Interview with Cybelle Oliveira, Privacy & Security Trainer

A powerful approach to how individuals can refute companies' data policy is simply avoiding using their products and making it clear publicly...

Cybelle Oliveira

For our latest interview, we virtually travel to Brazil to speak with Cybelle Oliveira, a privacy advocate and facilitator of learning processes in privacy and digital security. She’s been in this space for quite some time and we were delighted to hear her thoughts on privacy issues and what we, as regular citizens, could do to keep our data away from major corporations. Here’s what Cybelle had to say…

Can you shortly introduce yourself?

I am a Brazilian privacy advocate and facilitator of learning processes in privacy and digital security, promoting digital citizenship inclusion. My work addresses the intersection of privacy, human rights, and the power disparities between the Global South and North.

I’ve been collaborating on projects that have their mission centered on digital rights, diversity and inclusion in tech, mostly with the feminist approach.

Currently, I am a member of the Executive Board of Casa Hacker, a Brazilian nonprofit hackerspace dedicated to placing local communities in control of their digital experiences, shaping the future of information and communication technology for the public good. I am also a Mozilla Community member, working towards a healthier Internet.

What do you see as the main challenges for our privacy today?

As a result of Snowden’s disclosures in 2013, digital privacy has been resignified. People are becoming much more aware of the need to protect their privacy and related issues. Nevertheless, it seems to be a long process of incorporating this awakening.

An example of the magnitude of digital privacy rights is that the United Nations affirms that the same rights that people have offline must also be protected online, including the right to privacy.

This is noteworthy because we are living in a data-driven and high surveillance capitalism society model. This is expressed in the ability of companies to transform our data into commodities: our data have been monitored, analyzed, profiled, and sold for countless purposes and shadowy interests.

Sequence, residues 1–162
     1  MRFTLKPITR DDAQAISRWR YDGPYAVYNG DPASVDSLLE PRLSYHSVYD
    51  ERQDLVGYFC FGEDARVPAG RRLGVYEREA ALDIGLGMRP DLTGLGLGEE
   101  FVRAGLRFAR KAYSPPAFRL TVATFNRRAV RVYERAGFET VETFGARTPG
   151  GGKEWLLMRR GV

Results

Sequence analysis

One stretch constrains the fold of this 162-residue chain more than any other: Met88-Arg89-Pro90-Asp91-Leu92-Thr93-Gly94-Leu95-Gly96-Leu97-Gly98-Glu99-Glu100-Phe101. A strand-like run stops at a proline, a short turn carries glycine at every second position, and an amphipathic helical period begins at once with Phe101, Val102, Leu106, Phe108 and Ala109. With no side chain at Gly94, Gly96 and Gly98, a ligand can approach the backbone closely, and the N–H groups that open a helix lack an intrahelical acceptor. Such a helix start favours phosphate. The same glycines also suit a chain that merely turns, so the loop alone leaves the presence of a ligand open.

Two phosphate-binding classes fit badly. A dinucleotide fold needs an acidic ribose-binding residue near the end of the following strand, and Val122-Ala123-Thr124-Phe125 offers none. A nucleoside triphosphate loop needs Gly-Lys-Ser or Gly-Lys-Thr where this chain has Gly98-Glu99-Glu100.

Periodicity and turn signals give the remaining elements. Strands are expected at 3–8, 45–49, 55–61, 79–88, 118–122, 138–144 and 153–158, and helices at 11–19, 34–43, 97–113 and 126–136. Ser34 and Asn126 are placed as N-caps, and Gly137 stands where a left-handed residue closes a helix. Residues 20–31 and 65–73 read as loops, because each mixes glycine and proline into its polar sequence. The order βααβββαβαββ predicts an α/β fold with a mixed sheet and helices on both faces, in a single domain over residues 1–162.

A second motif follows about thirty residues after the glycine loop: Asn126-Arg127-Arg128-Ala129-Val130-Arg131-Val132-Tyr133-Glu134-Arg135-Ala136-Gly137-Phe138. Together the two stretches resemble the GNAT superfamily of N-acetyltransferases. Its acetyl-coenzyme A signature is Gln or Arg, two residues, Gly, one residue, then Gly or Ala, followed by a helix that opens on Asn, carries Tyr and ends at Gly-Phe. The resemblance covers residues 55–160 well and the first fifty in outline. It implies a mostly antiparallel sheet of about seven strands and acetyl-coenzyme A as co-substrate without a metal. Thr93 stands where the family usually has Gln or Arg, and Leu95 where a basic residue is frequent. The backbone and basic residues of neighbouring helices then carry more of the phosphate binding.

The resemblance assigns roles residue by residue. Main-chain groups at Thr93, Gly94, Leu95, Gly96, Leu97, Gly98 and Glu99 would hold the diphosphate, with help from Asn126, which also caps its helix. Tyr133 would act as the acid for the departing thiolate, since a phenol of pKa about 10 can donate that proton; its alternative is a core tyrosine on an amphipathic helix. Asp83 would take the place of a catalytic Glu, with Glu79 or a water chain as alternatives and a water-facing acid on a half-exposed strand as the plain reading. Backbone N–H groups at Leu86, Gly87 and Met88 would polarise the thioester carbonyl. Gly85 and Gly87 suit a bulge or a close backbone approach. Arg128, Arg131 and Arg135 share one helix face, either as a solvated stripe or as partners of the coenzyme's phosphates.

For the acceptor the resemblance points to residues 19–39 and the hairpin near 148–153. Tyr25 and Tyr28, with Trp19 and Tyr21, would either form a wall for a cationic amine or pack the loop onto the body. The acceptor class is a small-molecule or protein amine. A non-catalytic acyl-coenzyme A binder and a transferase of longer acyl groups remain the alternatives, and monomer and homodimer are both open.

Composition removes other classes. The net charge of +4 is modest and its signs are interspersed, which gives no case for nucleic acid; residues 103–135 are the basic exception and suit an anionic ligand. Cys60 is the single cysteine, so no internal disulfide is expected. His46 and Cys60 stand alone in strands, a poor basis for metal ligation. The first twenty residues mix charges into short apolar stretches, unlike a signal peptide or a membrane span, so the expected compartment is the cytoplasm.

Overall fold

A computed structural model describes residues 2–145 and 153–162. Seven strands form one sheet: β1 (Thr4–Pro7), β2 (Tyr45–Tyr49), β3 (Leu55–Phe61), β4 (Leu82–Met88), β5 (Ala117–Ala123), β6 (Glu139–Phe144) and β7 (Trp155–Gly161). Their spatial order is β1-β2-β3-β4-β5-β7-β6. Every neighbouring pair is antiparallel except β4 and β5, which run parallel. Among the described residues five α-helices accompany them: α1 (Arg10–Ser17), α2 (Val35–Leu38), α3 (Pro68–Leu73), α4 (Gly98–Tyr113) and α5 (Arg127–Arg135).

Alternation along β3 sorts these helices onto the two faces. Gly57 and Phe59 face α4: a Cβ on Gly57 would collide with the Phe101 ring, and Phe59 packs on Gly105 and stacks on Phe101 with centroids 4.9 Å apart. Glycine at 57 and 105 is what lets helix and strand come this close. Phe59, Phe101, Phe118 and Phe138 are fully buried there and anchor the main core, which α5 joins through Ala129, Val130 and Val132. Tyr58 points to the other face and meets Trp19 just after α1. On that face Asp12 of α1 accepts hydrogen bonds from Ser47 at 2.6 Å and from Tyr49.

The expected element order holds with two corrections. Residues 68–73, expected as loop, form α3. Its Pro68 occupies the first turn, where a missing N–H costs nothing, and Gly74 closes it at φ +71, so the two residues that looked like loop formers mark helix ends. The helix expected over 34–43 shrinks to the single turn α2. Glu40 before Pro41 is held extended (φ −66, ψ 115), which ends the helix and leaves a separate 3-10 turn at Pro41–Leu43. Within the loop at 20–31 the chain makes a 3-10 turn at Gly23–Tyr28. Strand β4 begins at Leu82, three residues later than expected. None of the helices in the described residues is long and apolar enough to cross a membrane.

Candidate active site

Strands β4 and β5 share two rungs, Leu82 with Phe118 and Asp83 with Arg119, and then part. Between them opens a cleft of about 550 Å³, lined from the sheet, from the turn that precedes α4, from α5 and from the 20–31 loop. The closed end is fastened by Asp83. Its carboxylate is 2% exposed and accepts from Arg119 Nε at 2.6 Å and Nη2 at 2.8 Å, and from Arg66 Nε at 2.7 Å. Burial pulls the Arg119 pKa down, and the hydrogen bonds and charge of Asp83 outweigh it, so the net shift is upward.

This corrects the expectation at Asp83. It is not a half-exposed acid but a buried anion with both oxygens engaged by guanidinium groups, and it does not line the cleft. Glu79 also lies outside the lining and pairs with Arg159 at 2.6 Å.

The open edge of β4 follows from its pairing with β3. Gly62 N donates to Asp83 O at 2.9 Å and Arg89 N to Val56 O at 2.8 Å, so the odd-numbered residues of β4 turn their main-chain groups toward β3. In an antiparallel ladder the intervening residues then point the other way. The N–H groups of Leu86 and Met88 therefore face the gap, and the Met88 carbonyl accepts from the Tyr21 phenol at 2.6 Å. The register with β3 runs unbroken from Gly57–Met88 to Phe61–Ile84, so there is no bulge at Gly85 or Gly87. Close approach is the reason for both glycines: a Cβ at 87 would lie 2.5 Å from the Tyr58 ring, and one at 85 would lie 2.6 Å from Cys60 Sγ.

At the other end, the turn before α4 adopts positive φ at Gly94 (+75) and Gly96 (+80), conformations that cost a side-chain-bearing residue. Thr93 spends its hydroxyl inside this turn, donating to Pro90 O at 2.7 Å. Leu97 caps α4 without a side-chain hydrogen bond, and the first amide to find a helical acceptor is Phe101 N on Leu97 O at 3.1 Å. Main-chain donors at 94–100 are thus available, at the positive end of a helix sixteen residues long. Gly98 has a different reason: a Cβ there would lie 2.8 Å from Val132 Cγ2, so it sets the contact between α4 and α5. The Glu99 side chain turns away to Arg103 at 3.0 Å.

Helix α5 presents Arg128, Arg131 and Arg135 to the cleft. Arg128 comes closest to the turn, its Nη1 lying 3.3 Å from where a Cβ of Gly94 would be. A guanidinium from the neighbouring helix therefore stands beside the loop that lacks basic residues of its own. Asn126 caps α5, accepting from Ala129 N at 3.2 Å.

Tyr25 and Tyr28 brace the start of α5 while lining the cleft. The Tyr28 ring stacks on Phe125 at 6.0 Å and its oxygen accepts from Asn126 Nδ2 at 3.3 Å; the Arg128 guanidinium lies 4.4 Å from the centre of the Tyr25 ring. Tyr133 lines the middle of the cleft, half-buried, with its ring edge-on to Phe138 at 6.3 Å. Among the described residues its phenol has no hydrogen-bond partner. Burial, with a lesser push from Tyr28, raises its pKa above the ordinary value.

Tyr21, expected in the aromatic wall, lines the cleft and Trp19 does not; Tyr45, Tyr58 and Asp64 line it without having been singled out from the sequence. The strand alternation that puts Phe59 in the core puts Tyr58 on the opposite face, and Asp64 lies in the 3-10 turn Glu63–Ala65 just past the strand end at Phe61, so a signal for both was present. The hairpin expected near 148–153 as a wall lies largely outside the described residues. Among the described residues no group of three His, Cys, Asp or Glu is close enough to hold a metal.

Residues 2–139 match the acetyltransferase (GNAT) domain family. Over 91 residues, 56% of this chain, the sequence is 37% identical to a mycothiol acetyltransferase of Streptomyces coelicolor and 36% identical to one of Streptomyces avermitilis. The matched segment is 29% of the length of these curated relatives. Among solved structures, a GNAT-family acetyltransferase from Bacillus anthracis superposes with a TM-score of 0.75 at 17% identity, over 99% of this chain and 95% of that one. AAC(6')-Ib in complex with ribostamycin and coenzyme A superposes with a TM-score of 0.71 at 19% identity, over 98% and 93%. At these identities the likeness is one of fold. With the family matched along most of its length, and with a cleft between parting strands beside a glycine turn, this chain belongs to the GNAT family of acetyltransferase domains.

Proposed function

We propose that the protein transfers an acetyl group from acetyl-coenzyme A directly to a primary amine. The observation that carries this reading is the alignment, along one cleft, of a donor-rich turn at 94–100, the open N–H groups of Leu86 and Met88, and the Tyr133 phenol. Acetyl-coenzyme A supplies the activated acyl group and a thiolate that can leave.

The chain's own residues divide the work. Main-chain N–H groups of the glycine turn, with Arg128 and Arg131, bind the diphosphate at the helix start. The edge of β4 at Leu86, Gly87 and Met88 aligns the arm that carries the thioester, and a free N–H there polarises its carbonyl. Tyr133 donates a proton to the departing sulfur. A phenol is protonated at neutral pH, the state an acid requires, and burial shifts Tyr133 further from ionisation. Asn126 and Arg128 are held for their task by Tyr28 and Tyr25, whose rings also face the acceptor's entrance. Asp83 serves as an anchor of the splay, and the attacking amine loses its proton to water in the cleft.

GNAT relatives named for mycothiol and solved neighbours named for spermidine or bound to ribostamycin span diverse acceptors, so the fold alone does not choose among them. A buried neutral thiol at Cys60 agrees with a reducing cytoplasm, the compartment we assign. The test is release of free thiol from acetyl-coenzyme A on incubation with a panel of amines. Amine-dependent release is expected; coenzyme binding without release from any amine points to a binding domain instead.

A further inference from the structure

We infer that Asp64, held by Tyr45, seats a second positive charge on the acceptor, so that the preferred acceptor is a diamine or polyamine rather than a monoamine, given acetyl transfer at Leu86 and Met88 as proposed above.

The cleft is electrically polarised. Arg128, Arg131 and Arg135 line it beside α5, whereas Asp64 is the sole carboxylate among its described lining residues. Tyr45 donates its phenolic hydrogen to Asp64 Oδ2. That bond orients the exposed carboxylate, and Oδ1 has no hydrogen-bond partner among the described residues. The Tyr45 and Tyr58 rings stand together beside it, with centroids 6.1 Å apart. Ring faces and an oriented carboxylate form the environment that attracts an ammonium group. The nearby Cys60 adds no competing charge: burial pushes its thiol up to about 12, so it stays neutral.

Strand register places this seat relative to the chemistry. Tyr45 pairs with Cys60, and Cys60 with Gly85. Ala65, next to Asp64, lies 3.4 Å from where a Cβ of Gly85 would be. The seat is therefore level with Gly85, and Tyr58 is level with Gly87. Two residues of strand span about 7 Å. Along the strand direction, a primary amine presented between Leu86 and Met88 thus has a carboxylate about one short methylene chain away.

There is a systematic deployment of emerging technologies such as advanced biometrics, artificial intelligence, and facial recognition used as a weapon for surveillance, censorship, privacy restrictions, and so many other issues that deeply hurt human rights and undermine democracies.

Unfortunately, as an (almost) non-regulated field, most of those actions come without accountability and transparency.

What can we as individuals do about it?

Individual efforts can lead to great changes. Awareness on privacy issues is the first step. It is fundamental to be informed about legislative proposals that try to jeopardize our privacy. Outrageous bills that say we must relinquish our personal privacy in the name of “security” is not good at all. This is not a zero-sum game in which we are forced to choose between privacy or security. We need better regulations, and again, better accountability and transparency from governments.

A powerful approach to how individuals can refute companies’ data policy is simply avoiding using their products and making it clear publicly and directly through their communication channels and social media.

I consider it crucial to learn about the trade-off of personal data for the usage of a product. Read the terms and conditions and ask yourself if it’s worth giving so much information and consent to use it. If it doesn’t, we always can choose some other alternatives available in the market, so why not try it out?

For instance browsers like Firefox, Tor, or Brave don’t handle our data as a product and they can be used in preference to Chrome. Search engines such as DuckDuckGo and StartPage are great replacements for Google. Messaging apps like Signal can easily replace WhatsApp. ProtonMail is much safer and has easy-to-use encryption — it can be used as a substitute for Gmail.